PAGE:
The gage measurements are expected to be stable, meaning the gage should provide consistent readings. Some random variation due to random error is expected. However, gage measurements change with time or because the gage is damaged. The gage stability can be checked by measuring a known reference.
In this article, it is shown how to use control charts to assess gage stability.
The stability can be viewed as a combination of the bias and repeatability demonstrated with repeat measurements of a known characteristic on a reference part.
- Bias is defined as the difference between the measurement and the actual value being measured.
- Repeatability is the variation in measurements seen when measuring the same characteristic on the same part with the same gage.
Repeated measurements always show variation and may be attributed to common causes. But special causes may be present that inflate the variation. Some examples of special causes are:
- A gage is subject to temperature changes.
- A new person is collecting measurements.
- A gage ages, is worn, or is damaged.
- Supply voltage for electronic sensors (gages) change.
Gages must be checked periodically to determine if they are still acceptable. The gage records should be retained for analysis and compared to the current gage bias and repeatability.
Stability Study Guidelines
The MSA manual provides guidelines for conducting a stability study as follows:
- Create a master part with a known reference value for a characteristic. This is accomplished by measuring the value on production parts. Then select a part whose value is near the process mean. Use a measurement lab to determine the actual reference value. This master part will be repeatedly measured to eliminate part variation.
- Collect data for about 20 data subgroups of 3 to 5 repeated measurements of the reference part. This amount of data should be sufficient for the study. The subgroups should be separated by time intervals, perhaps a day or week.
- Create control charts of the data to analyze the mean and variation. Xbar and R charts (or S charts) are recommended.
- Analyze the control charts to determine if the measurements are in statistical control using the Western Electric Run Rules.
Run rules provide a way to look for non-random patterns in control charts that are produced by special causes of variation. If the control chart shows special causes are present, then more advanced multivariate studies may be required to identify the special causes. For example, a GR&Rstudy, which is based on DOE concepts, can quantify the variation due to appraiser, part, and repeatability.
Control Charts of the Measurements
For this example, the MSA Reference Manual 4thedition, chapter III, section B, recommendations for a stability study were followed. There were 20 groups of 5 repeated measurements of the same part dimension. Minitab was used to display the measurements on a combined -bar and R-chart.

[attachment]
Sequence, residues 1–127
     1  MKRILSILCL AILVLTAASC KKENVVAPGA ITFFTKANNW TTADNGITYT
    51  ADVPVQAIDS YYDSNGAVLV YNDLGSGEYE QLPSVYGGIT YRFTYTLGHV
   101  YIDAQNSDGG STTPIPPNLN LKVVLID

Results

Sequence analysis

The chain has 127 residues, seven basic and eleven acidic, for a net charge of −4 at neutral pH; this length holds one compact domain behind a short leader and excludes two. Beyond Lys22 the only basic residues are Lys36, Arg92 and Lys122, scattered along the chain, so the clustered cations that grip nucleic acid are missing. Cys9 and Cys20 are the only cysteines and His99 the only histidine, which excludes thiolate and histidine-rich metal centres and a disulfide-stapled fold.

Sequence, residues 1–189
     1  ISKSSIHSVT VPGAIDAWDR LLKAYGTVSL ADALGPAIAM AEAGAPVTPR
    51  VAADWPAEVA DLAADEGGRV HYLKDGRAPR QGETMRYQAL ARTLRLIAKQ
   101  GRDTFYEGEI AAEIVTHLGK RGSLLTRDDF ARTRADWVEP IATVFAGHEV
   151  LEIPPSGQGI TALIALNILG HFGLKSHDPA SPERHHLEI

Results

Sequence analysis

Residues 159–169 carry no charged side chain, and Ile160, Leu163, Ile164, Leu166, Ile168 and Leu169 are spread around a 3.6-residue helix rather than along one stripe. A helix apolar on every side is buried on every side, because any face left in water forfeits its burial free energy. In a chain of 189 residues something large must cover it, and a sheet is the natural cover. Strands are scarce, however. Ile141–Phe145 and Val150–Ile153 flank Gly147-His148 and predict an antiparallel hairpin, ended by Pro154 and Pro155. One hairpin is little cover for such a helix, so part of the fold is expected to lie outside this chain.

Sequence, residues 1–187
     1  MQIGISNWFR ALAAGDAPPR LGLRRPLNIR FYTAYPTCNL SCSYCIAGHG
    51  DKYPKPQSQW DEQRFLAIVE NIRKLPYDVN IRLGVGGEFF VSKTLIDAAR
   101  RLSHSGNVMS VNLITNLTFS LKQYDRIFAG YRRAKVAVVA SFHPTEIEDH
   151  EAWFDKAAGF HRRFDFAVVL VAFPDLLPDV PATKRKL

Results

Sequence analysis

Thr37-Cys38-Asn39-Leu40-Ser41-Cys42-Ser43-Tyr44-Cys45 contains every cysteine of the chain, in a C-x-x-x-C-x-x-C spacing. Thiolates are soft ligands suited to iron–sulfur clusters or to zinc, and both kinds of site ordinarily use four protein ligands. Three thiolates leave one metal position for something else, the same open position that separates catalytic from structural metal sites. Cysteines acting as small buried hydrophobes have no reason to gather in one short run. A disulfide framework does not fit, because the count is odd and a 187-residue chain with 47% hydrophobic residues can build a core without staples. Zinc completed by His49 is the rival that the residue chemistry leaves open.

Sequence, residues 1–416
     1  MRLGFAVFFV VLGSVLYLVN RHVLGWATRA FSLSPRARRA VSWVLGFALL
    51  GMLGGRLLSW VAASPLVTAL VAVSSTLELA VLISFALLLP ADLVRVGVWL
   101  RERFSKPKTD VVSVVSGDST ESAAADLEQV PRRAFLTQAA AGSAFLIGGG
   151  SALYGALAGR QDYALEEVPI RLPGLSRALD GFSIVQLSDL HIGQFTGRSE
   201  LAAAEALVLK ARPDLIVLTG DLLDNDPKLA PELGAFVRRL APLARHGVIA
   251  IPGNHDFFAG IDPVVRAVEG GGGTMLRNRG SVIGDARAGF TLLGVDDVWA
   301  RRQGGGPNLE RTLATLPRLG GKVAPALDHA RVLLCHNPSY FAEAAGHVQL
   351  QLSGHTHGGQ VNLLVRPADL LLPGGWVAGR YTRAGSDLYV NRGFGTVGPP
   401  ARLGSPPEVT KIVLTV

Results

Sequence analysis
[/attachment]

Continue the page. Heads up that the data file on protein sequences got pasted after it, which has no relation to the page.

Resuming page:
In figure 1, the top chart of sample means is the X-bar chart and the lower chart of sample ranges range is the R Chart. The x-axis shows subgroup numbers. On the X-bar chart, each data point represents the average of the 5 samples of a subgroup. On the R Chart, each data point represents the range of the 5 samples of a subgroup.
In this example, the Minitab software checked all the run rules, and the measurements showed no evidence of special causes. The measurements appear to be stable, subject to only common causes.
The control charts of the measurements in figure 1 followed the example in the MSA manual. By charting the measurements, the analysis focused on the part. However, performing the analysis on the bias focuses on the gage, not the part being measured.
If the master part was damaged or lost, then a new master part would have to be created. It would have a different reference value. The X-bar chart would have two different average values, one for the original master and one for the new master.
It would be easier to analyze the gage bias with a control chart. If the original and new masters had close reference values, the gage bias should be similar. A single X-bar chart could be used.
Control Chart of the Bias
The bias values for each measurement are calculated by subtracting the master part reference value from the measurement data. This topic was discussed in MSA 3 Gage Bias
$$Bias = Measurement Value – Reference Value$$
The bias control charts using the data for figure 1 yielded,
The X-bar chart of figure 2 is almost identical to that in figure 1, except for y-axis scale. Again, the run rules were all considered, and the bias control chart shows no evidence of special causes. The gage is stable.
A stability study focuses on gage bias.
- The study uses repeated measurements of a master part reference value.
- Measurements are collected in subgroups of 3-5 repeated measurements by an operator. The subgroups are collected in a systematic pattern, perhaps one for each shift or at weekly intervals.
- Bias is calculated for each measurement.
- The bias subgroups are plotted on X-bar and R charts.
- If the control charts don’t show any special causes, then the gage is stable.
If you want to engage me on this or other topics, please contact me. We can discuss your problem/concerns and determine how I can help solve your analysis, design, and manufacturing problems.
I have worked in Quality, Reliability, Applied Statistics, and Data Analytics for over 30 years in design engineering and manufacturing. At Wayne State University, I taught at the graduate level. I also provided Minitab seminars to corporate clients, write articles, and have presented and written papers at SAE, ISSAT, and ASQ.
Dennis Craggs, Consultant
Quality, Reliability and Analytics Services